This glory is not wholly left to the future. Have you ever seen a Sparkler on the 4th of July? It darts and dances in the air, shimmering with combustion, warmth, power. Sometimes, we can look back and see a sparkle of God’s light in the places we’ve walked.

It is hard to see when we’re passing through. Often, we have nothing to go on but faith in the darkness, but looking back, the spidery fingers of glory still trail behind us. The lights flash dimly through this dark, foggy glass. But, for a moment, we can look over our shoulders and see, kindled for an instant of recognition, a sight that teaches us to hope. It is His shadow, the impression of His feet as God moved, unseen, in the dark places of our Past.

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Bend in the Road


 “God will only give you what you would have asked for if you knew everything he knows”

– Timothy Keller –

This week is the final week of our study on God’s will, as well as the second part of our Q&A. May the love of Christ dwell in you richly!

Q: “Does God reveal His will to an individual, but not to their authority? If so, how does one approach a situation where there is a disagreement with an authority on what God’s will is?”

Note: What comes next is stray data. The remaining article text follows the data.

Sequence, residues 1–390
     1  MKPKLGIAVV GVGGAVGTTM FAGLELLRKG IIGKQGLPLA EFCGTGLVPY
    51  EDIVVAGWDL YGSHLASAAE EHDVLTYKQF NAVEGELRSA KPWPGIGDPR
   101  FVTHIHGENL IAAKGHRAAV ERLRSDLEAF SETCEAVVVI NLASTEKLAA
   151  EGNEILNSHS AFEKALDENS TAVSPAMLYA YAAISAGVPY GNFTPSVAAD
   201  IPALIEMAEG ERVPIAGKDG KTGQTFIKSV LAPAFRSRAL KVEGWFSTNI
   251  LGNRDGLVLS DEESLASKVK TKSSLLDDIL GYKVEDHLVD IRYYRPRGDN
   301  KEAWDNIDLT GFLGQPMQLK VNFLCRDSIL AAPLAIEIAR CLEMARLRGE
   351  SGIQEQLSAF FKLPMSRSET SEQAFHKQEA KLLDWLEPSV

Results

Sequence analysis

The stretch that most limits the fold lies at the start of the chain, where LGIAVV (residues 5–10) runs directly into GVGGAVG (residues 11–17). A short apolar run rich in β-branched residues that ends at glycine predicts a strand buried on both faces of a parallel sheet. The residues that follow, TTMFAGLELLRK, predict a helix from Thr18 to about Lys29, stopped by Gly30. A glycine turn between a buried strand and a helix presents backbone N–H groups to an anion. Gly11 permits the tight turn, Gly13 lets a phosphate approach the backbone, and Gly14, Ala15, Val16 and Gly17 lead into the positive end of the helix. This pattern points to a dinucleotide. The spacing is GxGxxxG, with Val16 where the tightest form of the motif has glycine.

A: There are several reasons why it is vital to pay close attention the advice and warnings of authorities, especially as young people. First of all, parents have a God-granted place of honor that is not optional (Eph. 6:1-3). Obedience to authorities (unless they command you to sin) is God’s will–no subjectivity there. For adult children out of the home, parents’ advice should be respected, even if the final decision is up to the grown child. In most situations–even for adult children–listening to those authorities is the wisest course of action.

In the case of a person conflicting with their authority about a perception of God’s will, you must work from what you know for sure. What do we know for certain that God wants in such a circumstance? Commands to obey and honor are relevant here. Next, what do we NOT know for sure? In the disagreement, are we elevating our subjective experience (an inner feeling or voice, an impression, a circumstance) above what God has already revealed in the Bible? If an authority is trying to prevent you from obeying God, that is one thing. However, if the conflict is over your personal interpretation of how that obedience is supposed to look when lived out, go with what you know for sure. God has put that authority in your life for a reason

Q: “The one thing that I struggle with some times is trying to figure out between my desires and the desires God places on my heart…”

A: Desires themselves are not inherently sinful or harmful. Because we are redeemed sinners, we know we have to be careful of sin creeping into our dreams and wishes, but just because we want something does not  automatically exclude it from God’s will. While God’s primary concern is for our Christ-likeness, not our comfort, He does want us to face life with joy and appreciate His gifts (1 Tim. 6:17; James 1:17).

That said, your question seems to be about motivations. Ask yourself why you want one choice or the other. If you are motivated by fear, anger, jealousy, or another sinful emotion, that is a sign that you need to surrender that area to God–but not necessarily that it is the wrong choice. Confused? Here’s an example.